I’ve never really been good at Snapchat. Most of my interaction with it is watching wide-eyed as my 20-year-old sister uses it like I do texting. There we will be, sitting in the car or perched on the couch, doing nothing, and the entire while she’s receiving Snaps and replying to them thusly.
Though she is absolutely the target demographic here, it’s not like she’s an anomaly. My own friends—most of whom are on the closer side of 30 (sorry 30-year-old friends)—use it, often. So every few months when I open the app and see the not terribly short list of messages I’ve received, I do what any horrible friend would: I open them, I view them, sometimes I laugh at them… and then I close the app, sans reply.
But Slingshot won’t allow this. Facebook’s second go at giving Snapchat some competition already seems far more able to do just that. There’s no sugar-coating it: Poke was a half-assed, flat, unoriginal clone of Snapchat. And launching it in the height of Snapchat’s heyday didn’t help but make it appear as anything but.
This time around, not only does Facebook have timing on its side. Snapchat’s recent fall from grace, involving its founder’s fratty, misogynist emails, and a court ruling that it misled users about that whole “disappearing” thing, has seen the star app fall out of favor with many of its users. But it’s not just lucky timing that may see Facebook Slingshot succeed, the app possesses an interesting feature: In order to participate in Slingshot and open a message someone has sent you, you are required to send one back. You cannot play my game of open and ignore, because Slingshot is a two-way street. “I will if you will” is not something many of us are above.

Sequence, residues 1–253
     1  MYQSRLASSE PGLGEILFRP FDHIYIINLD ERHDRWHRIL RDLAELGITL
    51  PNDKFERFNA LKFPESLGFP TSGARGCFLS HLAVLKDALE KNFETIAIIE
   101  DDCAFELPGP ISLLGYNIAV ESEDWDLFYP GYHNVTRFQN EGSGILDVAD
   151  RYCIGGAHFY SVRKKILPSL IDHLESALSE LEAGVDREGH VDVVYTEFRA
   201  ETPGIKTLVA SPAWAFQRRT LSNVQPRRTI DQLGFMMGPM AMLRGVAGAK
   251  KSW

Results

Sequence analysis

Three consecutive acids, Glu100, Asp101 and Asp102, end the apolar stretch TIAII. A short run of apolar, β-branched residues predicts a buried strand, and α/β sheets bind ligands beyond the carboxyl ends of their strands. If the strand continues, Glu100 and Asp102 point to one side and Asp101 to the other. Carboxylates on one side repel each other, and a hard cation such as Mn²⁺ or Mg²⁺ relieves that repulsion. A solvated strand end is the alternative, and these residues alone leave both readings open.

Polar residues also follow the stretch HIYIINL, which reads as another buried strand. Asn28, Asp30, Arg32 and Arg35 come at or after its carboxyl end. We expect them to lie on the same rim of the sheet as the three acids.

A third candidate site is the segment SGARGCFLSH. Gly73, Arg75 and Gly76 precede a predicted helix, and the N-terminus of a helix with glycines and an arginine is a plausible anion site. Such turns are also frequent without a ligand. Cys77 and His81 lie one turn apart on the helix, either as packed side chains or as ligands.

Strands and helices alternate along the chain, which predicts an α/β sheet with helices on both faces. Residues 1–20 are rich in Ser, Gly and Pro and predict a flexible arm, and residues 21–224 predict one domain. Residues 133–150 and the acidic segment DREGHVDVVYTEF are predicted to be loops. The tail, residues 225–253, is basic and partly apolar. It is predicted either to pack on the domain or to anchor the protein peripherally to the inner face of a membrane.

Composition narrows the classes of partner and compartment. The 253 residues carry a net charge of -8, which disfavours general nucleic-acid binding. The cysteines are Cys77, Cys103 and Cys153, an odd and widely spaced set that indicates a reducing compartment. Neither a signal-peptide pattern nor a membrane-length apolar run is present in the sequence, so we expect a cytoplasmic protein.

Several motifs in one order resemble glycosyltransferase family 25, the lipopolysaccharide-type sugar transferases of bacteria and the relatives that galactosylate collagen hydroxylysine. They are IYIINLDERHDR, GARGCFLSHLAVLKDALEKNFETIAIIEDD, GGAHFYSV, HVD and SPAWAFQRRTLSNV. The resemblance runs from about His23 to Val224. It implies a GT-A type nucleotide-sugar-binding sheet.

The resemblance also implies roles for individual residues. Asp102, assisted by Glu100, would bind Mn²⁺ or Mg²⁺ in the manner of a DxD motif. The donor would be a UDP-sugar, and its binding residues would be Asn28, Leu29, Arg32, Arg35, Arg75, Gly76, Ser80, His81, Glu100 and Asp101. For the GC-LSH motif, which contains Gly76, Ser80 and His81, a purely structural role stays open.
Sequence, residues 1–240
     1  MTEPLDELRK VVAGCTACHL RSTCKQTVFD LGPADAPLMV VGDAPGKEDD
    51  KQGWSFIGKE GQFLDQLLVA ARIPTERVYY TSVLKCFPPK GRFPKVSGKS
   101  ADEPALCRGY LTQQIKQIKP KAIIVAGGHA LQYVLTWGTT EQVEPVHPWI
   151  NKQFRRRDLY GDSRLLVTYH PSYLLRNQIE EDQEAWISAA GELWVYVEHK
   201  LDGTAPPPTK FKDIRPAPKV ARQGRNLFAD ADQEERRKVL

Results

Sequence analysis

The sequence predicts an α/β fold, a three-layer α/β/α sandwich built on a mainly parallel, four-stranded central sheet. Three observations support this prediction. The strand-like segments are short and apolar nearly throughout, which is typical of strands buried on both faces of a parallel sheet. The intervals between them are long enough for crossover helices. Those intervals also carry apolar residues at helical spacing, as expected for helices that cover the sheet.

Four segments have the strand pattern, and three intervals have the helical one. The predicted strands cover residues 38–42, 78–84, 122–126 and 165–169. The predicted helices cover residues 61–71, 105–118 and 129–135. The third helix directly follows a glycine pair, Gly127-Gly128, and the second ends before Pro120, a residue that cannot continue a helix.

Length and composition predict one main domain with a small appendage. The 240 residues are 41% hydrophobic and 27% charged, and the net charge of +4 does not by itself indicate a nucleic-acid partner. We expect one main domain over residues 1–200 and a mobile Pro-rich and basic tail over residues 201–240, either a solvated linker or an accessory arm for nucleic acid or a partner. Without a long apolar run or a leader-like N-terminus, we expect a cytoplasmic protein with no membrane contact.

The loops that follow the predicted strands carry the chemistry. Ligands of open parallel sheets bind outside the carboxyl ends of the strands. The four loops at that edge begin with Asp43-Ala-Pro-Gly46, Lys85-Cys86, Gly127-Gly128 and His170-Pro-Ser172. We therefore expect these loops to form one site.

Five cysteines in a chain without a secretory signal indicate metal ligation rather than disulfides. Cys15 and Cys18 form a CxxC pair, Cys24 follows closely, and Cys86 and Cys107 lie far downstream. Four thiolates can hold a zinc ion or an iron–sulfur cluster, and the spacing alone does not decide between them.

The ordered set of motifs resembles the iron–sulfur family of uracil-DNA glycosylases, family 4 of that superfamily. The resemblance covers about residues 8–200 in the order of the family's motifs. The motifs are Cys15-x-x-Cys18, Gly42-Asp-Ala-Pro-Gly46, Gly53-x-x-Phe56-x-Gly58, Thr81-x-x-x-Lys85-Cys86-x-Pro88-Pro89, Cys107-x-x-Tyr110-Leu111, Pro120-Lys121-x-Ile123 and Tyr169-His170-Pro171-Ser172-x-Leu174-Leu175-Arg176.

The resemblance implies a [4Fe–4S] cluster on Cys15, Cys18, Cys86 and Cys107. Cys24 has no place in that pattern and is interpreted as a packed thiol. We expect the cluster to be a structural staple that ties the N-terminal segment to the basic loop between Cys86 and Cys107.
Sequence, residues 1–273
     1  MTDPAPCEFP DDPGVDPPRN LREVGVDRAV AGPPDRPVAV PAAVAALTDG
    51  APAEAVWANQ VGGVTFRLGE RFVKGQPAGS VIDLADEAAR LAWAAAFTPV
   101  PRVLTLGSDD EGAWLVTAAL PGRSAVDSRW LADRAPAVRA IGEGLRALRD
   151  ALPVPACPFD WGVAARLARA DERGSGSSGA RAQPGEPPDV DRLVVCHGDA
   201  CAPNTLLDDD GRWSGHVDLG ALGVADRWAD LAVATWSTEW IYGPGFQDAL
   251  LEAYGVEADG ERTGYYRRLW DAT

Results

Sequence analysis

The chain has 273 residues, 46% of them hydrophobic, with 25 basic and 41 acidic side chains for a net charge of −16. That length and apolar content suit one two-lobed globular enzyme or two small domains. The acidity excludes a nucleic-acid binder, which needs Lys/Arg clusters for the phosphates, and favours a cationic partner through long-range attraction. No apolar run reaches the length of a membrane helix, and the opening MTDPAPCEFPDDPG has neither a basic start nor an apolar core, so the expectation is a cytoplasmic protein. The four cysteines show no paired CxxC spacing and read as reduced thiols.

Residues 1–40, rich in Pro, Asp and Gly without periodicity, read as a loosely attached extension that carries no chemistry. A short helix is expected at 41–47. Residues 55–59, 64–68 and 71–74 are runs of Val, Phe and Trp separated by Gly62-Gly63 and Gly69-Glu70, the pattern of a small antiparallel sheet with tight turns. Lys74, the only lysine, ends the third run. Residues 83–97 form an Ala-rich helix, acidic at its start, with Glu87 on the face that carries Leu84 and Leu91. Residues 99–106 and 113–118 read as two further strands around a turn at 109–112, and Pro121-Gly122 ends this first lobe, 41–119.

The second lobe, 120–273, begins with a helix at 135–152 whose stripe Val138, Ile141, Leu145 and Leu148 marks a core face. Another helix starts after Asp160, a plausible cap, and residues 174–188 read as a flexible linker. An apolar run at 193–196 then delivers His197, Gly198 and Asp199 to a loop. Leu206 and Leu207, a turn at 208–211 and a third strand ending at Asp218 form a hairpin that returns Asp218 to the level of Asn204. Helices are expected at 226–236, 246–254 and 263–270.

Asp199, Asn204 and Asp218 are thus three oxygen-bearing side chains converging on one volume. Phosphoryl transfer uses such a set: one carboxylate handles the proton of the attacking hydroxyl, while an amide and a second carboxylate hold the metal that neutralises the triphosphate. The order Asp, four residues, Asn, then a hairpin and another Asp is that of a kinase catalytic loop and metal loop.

How conversation flow will work could be tricky: How do you respond… before you’ve seen a message? Given how little we know about Slingshot, it’s too early to judge.
But creating a give-and-take effect is exactly what Snapchat is missing. It’s probably why I, and surely others, don’t like participating: What if I send a Snap, which from what I’ve gathered are oftentimes of a sort of confessional nature, and I get nothing back? What if I send something I think is hilarious and creative and I get radio silence?
It’s like passing a note to your crush and seeing him read it and stuff it in his locker. This precise fear is what kept me from writing such notes, or from IMing one of the cool 8th graders. The risk wasn’t worth the reward. However, if I’d known that in order to unfold my note, or see what QTpeaches17 (real 7th grade screenname) had to say they were contractually bound to reply, then that would have completely changed the game.
Yes, it sounds a little like baiting someone to talk to you—but I’d rather just call it incentive. “You show me yours, I’ll show you mine,” is a pretty damn effective policy.
Photo via lovelihood/Flickr (CC BY-SA 2.0)